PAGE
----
Sarwan century bears hallmark of a leader

Ramnaresh Sarwan fashioned an innings here befitting a batsman in his 48th Test and carrying the responsibility of the vice-captaincy.

Yet the stylish Guyanese is less than two months into his 25th year with the best part of his career ahead of him. He already fills the pivotal No 3 position and, perhaps sooner rather than later, will find himself as leader of a team whose stocks now stand as low as at any time since the West Indies were first feeling their way in Test cricket in the Thirties.

These were circumstances to test his character. He was peculiarly off colour at Lord's. The touch he displayed during the one-day matches in the NatWest Series had deserted him.

He was twice lbw cheaply, jumping across his stumps, as he had been in the first two Tests against the same opponents in the Caribbean a few months earlier. He was leaden-footed in the outfield where he had once sparkled, his usually strong arm so weak he took to relaying throws from the deep underhand.

He spent the first day and a half here chasing leather in the field as England's batsmen once more exposed the frailties of the West Indies bowling and fielding. He sent down nine respectable overs of containing leg-spin from round the wicket but his role in the team is to make, not save, runs.

The situation could scarcely have been bleaker when he emerged from the pavilion 20 minutes before tea on the second afternoon, so surprised by the first-over dismissal of Devon Smith that he appeared while hastily adjusting his forearm guard.

Soon Chris Gayle was gone too and the board showed 12 for 2, replying to 566 for 9 declared. It was a situation to which he has had to become familiar in these times of struggle but his personal circumstances were not usual. A choice had to be made between reconstruction of the innings by the orthodox method of care and caution and personal revival by the attacking manner to which he is most accustomed and best suited.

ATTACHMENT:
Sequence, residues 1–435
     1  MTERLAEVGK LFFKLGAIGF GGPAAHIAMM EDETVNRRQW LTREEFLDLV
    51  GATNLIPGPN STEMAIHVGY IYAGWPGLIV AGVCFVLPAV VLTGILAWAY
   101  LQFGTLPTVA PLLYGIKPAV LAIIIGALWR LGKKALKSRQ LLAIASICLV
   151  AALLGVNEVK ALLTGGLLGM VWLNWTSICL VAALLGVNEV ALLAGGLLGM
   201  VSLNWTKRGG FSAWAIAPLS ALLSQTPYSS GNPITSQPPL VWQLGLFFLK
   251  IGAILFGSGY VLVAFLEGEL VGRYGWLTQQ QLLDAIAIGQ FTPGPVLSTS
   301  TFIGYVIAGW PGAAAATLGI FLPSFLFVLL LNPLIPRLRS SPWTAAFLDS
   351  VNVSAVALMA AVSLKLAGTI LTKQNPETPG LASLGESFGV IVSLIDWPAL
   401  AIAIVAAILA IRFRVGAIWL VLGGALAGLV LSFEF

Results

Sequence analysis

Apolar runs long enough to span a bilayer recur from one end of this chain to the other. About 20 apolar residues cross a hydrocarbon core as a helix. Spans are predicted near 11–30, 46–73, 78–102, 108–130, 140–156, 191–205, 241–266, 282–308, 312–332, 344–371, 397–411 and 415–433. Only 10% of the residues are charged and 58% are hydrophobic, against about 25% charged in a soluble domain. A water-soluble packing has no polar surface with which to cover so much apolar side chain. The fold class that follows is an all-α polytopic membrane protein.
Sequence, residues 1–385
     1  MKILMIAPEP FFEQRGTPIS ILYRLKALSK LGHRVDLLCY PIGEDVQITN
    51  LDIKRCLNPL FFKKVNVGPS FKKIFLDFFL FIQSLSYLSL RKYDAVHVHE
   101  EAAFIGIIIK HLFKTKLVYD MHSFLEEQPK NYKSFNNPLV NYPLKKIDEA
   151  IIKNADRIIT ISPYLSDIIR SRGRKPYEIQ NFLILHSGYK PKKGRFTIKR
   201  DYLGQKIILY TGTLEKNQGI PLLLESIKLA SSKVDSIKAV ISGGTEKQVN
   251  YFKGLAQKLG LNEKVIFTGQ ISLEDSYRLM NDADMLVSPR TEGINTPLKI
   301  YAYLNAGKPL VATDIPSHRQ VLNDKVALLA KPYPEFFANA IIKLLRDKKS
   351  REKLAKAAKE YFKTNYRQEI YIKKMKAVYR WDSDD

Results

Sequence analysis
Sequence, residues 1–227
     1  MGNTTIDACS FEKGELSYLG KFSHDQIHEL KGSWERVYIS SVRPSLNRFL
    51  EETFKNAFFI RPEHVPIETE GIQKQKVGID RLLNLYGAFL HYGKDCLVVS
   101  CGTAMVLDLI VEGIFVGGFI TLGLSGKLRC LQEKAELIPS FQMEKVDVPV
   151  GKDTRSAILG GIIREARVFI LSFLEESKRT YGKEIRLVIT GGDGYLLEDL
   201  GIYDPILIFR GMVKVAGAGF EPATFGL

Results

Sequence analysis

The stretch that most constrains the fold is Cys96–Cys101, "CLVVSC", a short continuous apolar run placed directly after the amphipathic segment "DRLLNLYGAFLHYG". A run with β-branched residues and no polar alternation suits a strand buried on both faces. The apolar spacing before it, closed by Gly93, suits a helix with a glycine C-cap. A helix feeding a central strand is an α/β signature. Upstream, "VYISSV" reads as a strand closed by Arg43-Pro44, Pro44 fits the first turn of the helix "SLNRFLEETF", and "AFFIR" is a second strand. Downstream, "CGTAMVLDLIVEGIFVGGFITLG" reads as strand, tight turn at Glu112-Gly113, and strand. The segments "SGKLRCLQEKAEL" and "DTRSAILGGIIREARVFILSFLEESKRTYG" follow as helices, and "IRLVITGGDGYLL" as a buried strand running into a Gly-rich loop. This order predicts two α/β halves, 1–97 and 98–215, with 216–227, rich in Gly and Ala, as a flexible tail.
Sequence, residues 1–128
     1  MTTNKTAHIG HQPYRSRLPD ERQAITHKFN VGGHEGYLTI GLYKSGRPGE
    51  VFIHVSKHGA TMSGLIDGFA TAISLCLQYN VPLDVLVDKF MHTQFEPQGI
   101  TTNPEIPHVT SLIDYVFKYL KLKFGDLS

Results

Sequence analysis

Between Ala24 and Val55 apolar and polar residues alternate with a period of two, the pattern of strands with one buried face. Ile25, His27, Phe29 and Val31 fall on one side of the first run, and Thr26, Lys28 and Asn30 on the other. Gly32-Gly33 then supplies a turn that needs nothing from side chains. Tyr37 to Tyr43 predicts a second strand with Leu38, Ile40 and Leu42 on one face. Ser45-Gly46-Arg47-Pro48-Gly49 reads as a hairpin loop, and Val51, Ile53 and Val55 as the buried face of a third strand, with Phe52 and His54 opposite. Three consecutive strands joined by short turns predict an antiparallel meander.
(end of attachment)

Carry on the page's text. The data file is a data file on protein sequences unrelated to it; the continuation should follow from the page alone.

It was not a straightforward decision by any means. He took the latter course. Depending on your point of view, it was either a bold or a foolhardy course. Whatever it was, it worked. It required luck and there were a couple of edged slashes. But the approach did get his feet moving in the right direction again, either right back or right forward. The bat also began to come down straight, rather than across the ball.

With Brian Lara in prime form at the opposite end, pride, so undermined yet again by the bowling and fielding, was restored in the best West Indian tradition of batsmanship. A packed Edgbaston had a second day it would never forget - and it was not simply because of Andy Flintoff's explosive hitting.

There was more high-quality play from Sarwan and Lara yesterday morning. Even after Lara allowed his concentration to be so upset by Flintoff's slower ball that he carelessly sliced the next delivery high to gully, Sarwan and Shivnarine Chanderpaul carried the fight into the afternoon.

The problem is that this West Indies team remain shrouded in the self-doubt and defeatism created by 29 losses in 39 overseas Tests since 1997. England and Australia went through the same disability during the Eighties.

No matter how high the balloon soars, it only requires a pin-prick to burst it. It was punctured as soon as Sarwan chopped Flintoff (who else?) back into his stumps and came rapidly down to earth.

A team playing with as much confidence and efficiency as England are at present would not let such a chance pass them by. The last seven wickets tumbled for 39 from 20.5 overs and, as they were at Lord's, the West Indies were left with two and a half days to try to save the Test.

Back to his best, Sarwan will carry much of the side's responsibility in the salvage operation. In the longer term, his proven qualities of leadership are what the West Indies will require most.

Kenny Ireland, pictured in 2010.
peopleActor, from House of Cards and Benidorm, was 68
A scene from the video shows students mock rioting
newsSchool leaver's YouTube video features staging of a playground gun massacre
View from the Llanberis Track to the mountain lake Llyn
Du’r Arddu
environmentA large chunk of Mount Snowdon, in north Wales, is up for sale
Have you tried new the Independent Digital Edition apps?
A family sit and enjoy a quiet train journey
voicesForcing us to overhear dull phone conversations is an offensive act, says Simon Kelner